Caguas (41-29) defeated fourth-place Ponce, in one semi-finals, as Jim Rooker won three games. Santurce (37-32) upended San Juan (37-30) in the other semi-final, featuring the managing of Frank Robinson for Santurce, and Roberto Clemente, San Juan’s player-manager. Caguas then won three of the first four games (January 28-31, 1971) of the finals, against Santurce, but the Crabbers took Games Five-Six-Seven. Mike Kekich won Game Five for Santurce, 4-1; Reggie Jackson hit a two-run HR off Julio Navarro, in the first. Arsenio “Pinolo” Rodríguez drove in two with a HR and a double. He robbed José Pagán of a HR. Joe Decker won Game Six, 3-2, on an RBI double by Buck Martínez scoring Milton Ramírez. Reliever Bob Chlupsa, with a save from William de Jesús, won Game Seven, 5-4. Napoleón Reyes credited Chlupsa and Pinolo for being two of Santurce’s key heroes. Milton Ramírez remembered celebrating that win at a pub owned by ex-Caguas pitcher Roberto Vargas. Ramírez noted: “I lived at Borinquen Towers where the pub was located. During the season, some of the Puerto Rican players would meet at a Stop 22 restaurant and bar in Santurce; and later share moments with Frank [Robinson] and imported players at Rudy’s 10th Inning Lounge near Loíza Street.
John Strohmayer Enjoys his Caguas Experience
Strohmayer had a fascinating story for the author about the [Puerto Rico] league. The RHP started a 1970-71 game at Caguas’s Yldefonso Solá Morales Stadium. Strohmayer pitched into the fourth inning when the sky opened. It rained all week, so the Caguas fans were in no mood for another postponement. “Within 20 minutes the entire infield was covered with two inches of water,” recalled Strohmayer. “So, everyone went into the clubhouse and started getting undressed. I put my arm in a bucket of ice. Somebody came into the clubhouse 10 minutes later saying it had stopped raining, and maybe the game could be continued. No way, anytime it rained like that in the States, the game was finished.”’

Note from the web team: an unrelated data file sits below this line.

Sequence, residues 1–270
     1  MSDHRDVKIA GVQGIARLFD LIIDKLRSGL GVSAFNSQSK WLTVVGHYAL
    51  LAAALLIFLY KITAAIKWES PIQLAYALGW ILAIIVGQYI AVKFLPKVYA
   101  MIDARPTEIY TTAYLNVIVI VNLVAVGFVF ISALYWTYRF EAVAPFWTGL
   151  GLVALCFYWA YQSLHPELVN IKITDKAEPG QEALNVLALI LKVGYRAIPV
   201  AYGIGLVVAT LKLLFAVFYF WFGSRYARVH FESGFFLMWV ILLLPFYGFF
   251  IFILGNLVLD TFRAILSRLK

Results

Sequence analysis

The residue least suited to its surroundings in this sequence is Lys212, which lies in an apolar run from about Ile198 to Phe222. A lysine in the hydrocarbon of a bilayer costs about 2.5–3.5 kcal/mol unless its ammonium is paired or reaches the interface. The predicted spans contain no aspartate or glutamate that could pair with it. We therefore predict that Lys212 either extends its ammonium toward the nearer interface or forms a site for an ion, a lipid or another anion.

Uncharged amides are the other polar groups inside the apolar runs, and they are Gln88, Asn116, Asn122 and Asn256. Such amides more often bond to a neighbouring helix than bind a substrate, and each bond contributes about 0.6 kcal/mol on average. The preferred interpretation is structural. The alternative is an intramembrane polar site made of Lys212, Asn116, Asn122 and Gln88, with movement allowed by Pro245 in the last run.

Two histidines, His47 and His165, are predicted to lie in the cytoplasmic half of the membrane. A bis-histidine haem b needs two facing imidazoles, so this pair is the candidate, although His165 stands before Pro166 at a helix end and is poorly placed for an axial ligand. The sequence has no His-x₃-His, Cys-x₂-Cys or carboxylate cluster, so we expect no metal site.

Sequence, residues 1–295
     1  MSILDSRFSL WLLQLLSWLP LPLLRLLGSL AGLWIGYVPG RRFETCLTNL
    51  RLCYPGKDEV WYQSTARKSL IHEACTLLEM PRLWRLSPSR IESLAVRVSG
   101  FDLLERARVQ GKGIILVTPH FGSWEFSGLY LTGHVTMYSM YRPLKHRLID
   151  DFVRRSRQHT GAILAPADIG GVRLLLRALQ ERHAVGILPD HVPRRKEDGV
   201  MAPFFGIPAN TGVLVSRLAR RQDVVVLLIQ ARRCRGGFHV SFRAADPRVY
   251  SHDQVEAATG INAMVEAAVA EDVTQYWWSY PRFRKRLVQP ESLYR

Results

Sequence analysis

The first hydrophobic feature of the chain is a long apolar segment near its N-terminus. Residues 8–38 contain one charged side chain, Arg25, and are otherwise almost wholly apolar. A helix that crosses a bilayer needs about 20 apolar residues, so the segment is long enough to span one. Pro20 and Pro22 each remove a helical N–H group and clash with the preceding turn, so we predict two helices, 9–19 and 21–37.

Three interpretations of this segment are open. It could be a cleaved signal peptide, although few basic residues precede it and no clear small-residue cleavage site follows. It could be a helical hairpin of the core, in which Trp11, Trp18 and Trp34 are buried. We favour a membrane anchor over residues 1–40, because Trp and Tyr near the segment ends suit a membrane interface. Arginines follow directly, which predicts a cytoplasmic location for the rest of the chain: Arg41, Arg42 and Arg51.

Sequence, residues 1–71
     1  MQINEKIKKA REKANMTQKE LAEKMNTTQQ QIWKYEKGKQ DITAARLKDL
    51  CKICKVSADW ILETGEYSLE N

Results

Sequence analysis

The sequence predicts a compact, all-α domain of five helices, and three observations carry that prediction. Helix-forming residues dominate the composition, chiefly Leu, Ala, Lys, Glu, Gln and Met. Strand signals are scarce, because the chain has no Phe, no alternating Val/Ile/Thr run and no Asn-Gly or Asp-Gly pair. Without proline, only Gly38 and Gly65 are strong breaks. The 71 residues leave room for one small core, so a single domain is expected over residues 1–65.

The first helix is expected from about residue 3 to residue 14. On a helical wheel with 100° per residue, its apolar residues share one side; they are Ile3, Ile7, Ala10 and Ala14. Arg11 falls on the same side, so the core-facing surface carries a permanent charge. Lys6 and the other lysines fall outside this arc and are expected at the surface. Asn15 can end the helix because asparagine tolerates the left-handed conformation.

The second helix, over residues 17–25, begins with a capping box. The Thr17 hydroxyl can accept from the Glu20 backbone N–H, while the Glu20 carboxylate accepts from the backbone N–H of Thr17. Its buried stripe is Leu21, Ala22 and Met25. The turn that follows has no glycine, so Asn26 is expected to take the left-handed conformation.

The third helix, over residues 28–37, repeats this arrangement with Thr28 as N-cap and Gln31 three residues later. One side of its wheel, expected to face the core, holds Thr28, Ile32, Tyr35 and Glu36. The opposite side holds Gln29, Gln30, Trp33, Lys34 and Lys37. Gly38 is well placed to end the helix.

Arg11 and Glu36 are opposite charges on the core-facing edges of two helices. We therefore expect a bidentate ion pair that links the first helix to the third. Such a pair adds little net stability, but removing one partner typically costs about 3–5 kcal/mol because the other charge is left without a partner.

What happened next is beyond comprehension. Fans who lived in neighboring houses went home and got their wheelbarrows. A big pile of loam was under the stands, and was use. The work was completed 40 minutes later, and play resumed. Strohmayer: “That epitomized the word ‘fan’; root coming from the word ‘fanático.’ They really loved their baseball and I felt a lot of satisfaction when I was able to perform well—so much appreciation on the part of the fans, more so than any other place I played.”
With deep appreciation to George “Sparky” Anderson, Luis “Tite” Arroyo, Héctor Barea, Alex Bursian, Miguel Cuéllar, Fellé Delgado, Nino Escalera, Edwin Fernández, Jim Fregosi, Paul Lindblad, Félix Millán, Jerry Morales, Julio Navarro, Frank “Paco” Otto, Milton Ramírez, Eliseo Rodríguez, Oscar Suárez, John Strohmayer, Tom Timmermann and Chris Zachary. Thanks to Jorge Colón Delgado, Official Historian, Roberto Clemente Professional Baseball League.